The pop of gunfire surprised Troy Staton. He didn’t feel the bullets punch the back of his neck.
Street violence had never before intruded into his barbershop and art gallery, an urban refuge in Southwest Baltimore.
“It was upsetting because this is sacred ground,” Staton said a day later, with his neck bandaged, sitting outside the New Beginnings Unisex Barbershop.
The well-known barber, art curator and neighborhood organizer was among seven people shot — four of them, including a 13-year-old boy, fatally — on a violent Halloween in Baltimore.
“Am I upset? I’m upset with the system. A lot more can be done,” the 50-year-old barber said Thursday. “I can’t hold anger. I was hit three times in the back of the neck and walked away. God let me know my work isn’t done.”
The Halloween shootings brought October to a bloody close as the second most violent month of 2018. Thirty-four people were killed in the city in October, second only to September, when 35 were slain. The pace of October’s violence exceeded one killing a day.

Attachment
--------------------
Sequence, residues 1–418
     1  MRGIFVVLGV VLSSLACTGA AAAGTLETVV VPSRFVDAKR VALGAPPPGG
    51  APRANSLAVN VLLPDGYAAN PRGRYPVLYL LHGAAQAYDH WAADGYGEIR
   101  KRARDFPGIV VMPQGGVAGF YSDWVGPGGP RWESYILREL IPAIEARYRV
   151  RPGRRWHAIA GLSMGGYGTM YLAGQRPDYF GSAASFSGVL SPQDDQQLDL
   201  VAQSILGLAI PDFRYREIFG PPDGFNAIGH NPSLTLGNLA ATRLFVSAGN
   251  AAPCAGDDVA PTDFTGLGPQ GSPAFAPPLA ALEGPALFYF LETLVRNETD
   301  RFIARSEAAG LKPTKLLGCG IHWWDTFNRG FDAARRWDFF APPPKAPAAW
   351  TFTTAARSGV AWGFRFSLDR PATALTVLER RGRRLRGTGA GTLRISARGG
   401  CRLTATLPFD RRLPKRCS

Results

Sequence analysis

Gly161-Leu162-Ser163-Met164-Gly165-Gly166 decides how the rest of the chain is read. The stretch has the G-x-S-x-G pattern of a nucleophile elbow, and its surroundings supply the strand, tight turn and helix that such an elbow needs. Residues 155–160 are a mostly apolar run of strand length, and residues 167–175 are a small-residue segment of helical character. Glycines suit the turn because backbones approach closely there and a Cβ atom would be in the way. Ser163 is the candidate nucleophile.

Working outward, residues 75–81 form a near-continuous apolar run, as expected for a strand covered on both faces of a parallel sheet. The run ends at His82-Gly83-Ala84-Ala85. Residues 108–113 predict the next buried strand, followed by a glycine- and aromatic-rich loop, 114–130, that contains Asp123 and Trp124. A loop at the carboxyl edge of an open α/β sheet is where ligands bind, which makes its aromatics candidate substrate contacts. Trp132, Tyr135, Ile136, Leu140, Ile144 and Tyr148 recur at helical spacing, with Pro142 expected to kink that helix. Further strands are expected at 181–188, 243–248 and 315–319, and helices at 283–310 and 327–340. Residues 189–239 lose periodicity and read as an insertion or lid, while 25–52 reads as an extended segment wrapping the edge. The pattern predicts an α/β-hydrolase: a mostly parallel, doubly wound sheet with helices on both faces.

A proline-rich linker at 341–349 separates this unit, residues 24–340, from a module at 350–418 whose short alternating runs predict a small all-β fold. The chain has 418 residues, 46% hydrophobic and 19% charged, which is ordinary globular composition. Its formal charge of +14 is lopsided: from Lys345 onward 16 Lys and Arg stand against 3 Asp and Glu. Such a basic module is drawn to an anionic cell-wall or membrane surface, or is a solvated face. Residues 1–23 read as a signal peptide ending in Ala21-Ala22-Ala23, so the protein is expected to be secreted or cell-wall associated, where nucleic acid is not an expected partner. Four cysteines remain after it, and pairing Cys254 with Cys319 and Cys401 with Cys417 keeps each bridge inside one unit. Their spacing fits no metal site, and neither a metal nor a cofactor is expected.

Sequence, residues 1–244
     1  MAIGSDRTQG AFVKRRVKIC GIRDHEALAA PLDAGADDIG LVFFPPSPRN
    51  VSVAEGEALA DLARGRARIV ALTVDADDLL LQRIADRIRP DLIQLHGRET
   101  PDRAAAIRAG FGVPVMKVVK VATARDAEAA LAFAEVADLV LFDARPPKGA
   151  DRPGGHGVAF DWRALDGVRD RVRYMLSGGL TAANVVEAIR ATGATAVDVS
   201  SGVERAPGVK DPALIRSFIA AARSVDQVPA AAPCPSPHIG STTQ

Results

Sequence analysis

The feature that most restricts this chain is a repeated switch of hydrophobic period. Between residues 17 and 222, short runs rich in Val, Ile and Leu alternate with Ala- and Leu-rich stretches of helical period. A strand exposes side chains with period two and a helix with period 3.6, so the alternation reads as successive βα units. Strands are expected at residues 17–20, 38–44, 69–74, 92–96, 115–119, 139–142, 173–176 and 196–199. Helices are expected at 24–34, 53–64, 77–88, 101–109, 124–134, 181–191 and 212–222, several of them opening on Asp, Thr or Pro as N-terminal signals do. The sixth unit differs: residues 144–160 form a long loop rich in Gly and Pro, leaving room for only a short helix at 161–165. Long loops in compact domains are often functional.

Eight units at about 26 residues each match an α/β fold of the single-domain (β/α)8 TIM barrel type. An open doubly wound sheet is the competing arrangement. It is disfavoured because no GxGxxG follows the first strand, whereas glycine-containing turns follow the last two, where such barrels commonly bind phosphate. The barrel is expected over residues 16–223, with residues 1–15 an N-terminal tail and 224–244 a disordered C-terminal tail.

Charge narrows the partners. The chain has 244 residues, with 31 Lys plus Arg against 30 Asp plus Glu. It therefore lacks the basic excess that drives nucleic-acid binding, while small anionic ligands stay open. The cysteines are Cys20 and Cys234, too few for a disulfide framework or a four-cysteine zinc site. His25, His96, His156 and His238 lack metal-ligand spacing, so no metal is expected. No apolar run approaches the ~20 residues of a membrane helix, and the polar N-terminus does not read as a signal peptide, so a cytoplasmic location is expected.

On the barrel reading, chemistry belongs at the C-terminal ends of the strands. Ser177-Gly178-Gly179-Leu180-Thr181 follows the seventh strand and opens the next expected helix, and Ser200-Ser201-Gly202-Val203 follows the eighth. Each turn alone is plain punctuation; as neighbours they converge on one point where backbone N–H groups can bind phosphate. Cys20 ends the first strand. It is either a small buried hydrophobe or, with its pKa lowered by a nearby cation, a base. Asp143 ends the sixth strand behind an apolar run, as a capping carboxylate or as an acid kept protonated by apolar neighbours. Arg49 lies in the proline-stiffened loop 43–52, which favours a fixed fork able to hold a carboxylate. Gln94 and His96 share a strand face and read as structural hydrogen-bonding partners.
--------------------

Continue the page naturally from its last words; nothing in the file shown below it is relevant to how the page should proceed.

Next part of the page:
Across Baltimore, families continue to grapple with the gun violence, families such as the parents of 13-year-old Montrell Mouzon.
The boy was found fatally shot Wednesday night in South Baltimore’s Lakeland neighborhood. On Thursday, the boy’s father said they had been handing out Halloween candy near their home in Seton Hill hours before his son was killed.
A neighbor said he heard about seven rapid shots around 9:30 p.m. as he was putting his twin daughters to bed. They had just returned from trick-or-treating in Linthicum.
SOURCE: Tim Prudente and Colin Campbell
The Baltimore Sun